Talk:Online creation

From Wikipedia, the free encyclopedia
Jump to navigation Jump to search
WikiProject Video games (Rated Start-class, Low-importance)
WikiProject iconThis article is within the scope of WikiProject Video games, a collaborative effort to improve the coverage of video games on Wikipedia. If you would like to participate, please visit the project page, where you can join the discussion and see a list of open tasks.
Start-Class article Start  This article has been rated as Start-Class on the project's quality scale.
 Low  This article has been rated as Low-importance on the project's importance scale.
 

The Isles 15[edit]

The Isles 15 came out before 1.1. Though ILAB/OLC was written based on the 1.1 version, OLC had already made its rounds as "TheIsles15" and "TheIsles16" one year earlier. 98.111.199.226 (talk) 15:35, 16 March 2009 (UTC)

Prove it, the only decent source I know of says Jul 29, 1994. [1] There's some evidence of a limited release in early 1994. [2] --Scandum (talk) 16:00, 16 March 2009 (UTC)

First of all, prove that it wasn't User:Scandum. We're here to prove that it WAS WRITTEN, not RELEASED by the end of 1993, not 1994 as this erroneous article states. Furthermore, OLC was written initially for Merc 2.0, not 2.2 -- we kept updating OLC as they released new versions of Merc throughout 1993. 2.0b was the one I started with I believe. This occurred earlier in the year. As soon as 2.2 was released in October, we were already porting our 2.0b version to 2.2. We did all of our development on MS-DOS using the DJ Delorie GNU C Compiler for MS-DOS.

Timeline, April 5, 1993 - December 31, 1993

Merc 2.0 released in 1993 : Merc 2.0 Beta released for anon ftp - rec.games.mud.diku | Google Groups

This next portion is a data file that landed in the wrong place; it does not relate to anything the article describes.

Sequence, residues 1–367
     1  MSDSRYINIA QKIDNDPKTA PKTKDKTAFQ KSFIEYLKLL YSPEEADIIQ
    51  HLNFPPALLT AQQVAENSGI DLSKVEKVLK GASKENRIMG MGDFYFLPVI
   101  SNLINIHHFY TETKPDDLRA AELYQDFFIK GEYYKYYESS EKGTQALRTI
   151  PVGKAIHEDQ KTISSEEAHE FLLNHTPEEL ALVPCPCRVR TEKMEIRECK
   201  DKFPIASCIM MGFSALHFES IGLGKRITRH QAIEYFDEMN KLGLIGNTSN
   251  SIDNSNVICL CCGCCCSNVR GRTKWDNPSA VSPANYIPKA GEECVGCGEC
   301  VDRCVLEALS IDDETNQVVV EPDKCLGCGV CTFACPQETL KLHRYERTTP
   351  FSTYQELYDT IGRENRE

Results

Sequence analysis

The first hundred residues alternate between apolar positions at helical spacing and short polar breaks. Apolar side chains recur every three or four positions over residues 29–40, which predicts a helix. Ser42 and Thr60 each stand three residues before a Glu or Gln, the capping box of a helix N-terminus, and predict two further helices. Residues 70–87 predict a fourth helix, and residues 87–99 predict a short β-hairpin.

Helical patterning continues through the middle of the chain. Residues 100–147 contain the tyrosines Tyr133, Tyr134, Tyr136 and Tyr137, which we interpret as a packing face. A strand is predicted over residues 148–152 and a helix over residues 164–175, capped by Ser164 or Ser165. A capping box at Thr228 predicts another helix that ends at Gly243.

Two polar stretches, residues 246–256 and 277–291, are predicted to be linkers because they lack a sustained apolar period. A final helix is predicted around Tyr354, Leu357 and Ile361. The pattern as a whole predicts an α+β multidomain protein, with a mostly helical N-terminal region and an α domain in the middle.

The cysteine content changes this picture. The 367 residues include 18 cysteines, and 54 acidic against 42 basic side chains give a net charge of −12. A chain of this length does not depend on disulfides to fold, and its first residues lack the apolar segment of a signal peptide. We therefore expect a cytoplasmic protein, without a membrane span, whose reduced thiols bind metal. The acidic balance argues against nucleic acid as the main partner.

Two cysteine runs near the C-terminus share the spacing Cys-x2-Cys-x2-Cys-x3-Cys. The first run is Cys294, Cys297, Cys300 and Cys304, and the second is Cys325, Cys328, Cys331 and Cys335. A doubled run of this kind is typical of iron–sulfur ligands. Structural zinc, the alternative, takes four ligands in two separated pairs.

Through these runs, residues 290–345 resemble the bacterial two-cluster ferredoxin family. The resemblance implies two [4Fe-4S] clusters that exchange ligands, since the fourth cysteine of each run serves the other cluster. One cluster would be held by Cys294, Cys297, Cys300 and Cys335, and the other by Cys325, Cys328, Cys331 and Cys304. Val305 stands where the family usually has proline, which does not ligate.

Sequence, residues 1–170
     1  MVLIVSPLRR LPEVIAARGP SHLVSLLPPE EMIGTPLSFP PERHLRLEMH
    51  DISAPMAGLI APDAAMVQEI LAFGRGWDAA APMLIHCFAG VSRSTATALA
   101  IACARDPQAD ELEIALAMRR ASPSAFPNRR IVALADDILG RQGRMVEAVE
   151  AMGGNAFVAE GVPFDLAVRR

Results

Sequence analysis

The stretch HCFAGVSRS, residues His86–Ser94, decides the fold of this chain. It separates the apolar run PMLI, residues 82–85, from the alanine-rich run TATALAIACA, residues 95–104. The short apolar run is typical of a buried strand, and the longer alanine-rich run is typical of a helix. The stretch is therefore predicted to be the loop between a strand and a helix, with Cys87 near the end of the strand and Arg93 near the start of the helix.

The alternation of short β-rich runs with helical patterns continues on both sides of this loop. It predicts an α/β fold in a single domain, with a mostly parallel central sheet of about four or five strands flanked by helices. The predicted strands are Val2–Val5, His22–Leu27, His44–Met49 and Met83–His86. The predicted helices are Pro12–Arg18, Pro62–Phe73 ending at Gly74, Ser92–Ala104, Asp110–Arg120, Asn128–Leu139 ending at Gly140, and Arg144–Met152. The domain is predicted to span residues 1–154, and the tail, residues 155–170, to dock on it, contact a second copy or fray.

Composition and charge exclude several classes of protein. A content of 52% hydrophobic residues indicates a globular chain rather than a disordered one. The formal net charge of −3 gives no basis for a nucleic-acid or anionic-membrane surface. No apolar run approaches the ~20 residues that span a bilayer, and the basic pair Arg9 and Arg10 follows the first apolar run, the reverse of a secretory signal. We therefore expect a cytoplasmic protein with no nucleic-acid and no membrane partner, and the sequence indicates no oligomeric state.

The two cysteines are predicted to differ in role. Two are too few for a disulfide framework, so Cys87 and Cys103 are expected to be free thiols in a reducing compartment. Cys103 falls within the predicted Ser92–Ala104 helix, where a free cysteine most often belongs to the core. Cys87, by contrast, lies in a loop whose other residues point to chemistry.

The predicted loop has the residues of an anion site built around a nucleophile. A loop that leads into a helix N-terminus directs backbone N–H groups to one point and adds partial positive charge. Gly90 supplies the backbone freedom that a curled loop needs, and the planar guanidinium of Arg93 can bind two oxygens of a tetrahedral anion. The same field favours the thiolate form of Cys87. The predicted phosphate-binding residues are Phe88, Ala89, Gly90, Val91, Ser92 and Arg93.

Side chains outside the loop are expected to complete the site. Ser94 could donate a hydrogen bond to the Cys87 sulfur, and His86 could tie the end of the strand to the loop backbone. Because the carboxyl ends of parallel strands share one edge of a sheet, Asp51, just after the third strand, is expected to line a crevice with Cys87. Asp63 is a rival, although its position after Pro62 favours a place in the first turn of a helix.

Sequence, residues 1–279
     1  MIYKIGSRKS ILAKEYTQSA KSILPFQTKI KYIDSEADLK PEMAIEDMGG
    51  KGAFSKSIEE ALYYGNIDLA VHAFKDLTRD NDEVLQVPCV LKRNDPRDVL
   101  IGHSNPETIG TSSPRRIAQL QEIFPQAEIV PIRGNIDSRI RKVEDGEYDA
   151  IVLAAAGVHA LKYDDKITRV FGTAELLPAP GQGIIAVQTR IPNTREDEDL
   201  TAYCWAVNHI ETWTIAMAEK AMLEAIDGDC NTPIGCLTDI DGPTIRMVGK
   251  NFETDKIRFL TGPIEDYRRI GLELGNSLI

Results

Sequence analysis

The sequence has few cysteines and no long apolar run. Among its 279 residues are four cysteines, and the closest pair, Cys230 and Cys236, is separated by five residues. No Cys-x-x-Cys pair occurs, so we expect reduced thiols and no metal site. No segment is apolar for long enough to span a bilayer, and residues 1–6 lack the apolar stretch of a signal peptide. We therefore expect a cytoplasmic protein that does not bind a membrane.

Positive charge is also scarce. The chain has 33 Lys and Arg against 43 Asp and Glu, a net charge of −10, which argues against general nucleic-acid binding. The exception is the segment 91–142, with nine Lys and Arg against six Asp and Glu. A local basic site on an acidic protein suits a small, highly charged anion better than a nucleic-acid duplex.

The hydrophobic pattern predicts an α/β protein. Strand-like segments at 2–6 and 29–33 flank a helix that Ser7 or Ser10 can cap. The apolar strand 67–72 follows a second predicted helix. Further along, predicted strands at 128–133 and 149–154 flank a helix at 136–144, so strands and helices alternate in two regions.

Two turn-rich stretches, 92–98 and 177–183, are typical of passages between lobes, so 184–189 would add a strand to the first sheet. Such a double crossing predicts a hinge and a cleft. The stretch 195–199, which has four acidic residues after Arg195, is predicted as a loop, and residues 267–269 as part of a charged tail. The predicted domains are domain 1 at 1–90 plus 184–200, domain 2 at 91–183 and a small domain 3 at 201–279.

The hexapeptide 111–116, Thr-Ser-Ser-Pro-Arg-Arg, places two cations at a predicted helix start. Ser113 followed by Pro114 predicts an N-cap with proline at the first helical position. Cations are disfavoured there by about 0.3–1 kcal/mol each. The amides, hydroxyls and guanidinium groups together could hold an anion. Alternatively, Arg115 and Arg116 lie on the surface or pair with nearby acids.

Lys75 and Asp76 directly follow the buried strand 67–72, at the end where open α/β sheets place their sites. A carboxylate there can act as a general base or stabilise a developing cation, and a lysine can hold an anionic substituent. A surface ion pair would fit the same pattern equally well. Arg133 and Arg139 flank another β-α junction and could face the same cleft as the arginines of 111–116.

Already on MSDOS: Merc for dos - rec.games.mud.diku | Google Groups April, 1993

Already distributed by April 21: Merc 2.0 Beta - rec.games.mud.diku | Google Groups Mid-1993

This is the post that shows Hidden Worlds added their OLC, mid-1993.  It was never distributed and only worked on that mud.  It was written by Kalgen, who also wrote another un-distributed OLC. This was the first one I ever saw on a Merc 
and it was the inspiration for ours though I never immorted -- Chris Woodward did -- our OLC was released only
a few months later: Merc2 Area Editor - rec.games.mud.diku | Google Groups

Me announcing CthulhuMUD using my friend Chris Tchou's Andrew account: 
Cthulhu MUD - rec.games.mud.diku | Sept 1, 1993 --
this is precisely the time when we wrote OLC for our MUDs. It was only a few weeks/a month later that it was hacked and 
stolen, so we then released it publically. I re-released it several times in 1993 and 1994.  This is the basis for the 
claim of October 15th.  A week or month either way from October 15th is when it was written, period.  I believe
CthulhuMUD was hacked on Halloween, 1993.

Cthulhu MUD the saga continues - rec.games.mud.diku | Google Groups Looking for a site <- Sept 1993

Where's Hidden Worlds..?? - rec.games.mud.diku | Google Groups Hidden Worlds goes down

Hidden Worlds is back up! - rec.games.mud.diku | Google Groups Hidden Worlds back up!

CircleMUD 2.11 now available at ftp.cs.jhu.eduub/CircleMUD - rec.games.mud.diku | 
Sept 19, 1993, Circle 2.11 released

Cthulhumud - rec.games.mud.diku | Google Groups User looking for CthulhuMUD October 7th, 1993

C T H U L H U M U D - rec.games.mud.diku | Google Groups CthuhuMUD back on new server

CircleMUD 2.20 now available at ftp.cs.jhu.eduub/CircleMUD - rec.games.mud.diku |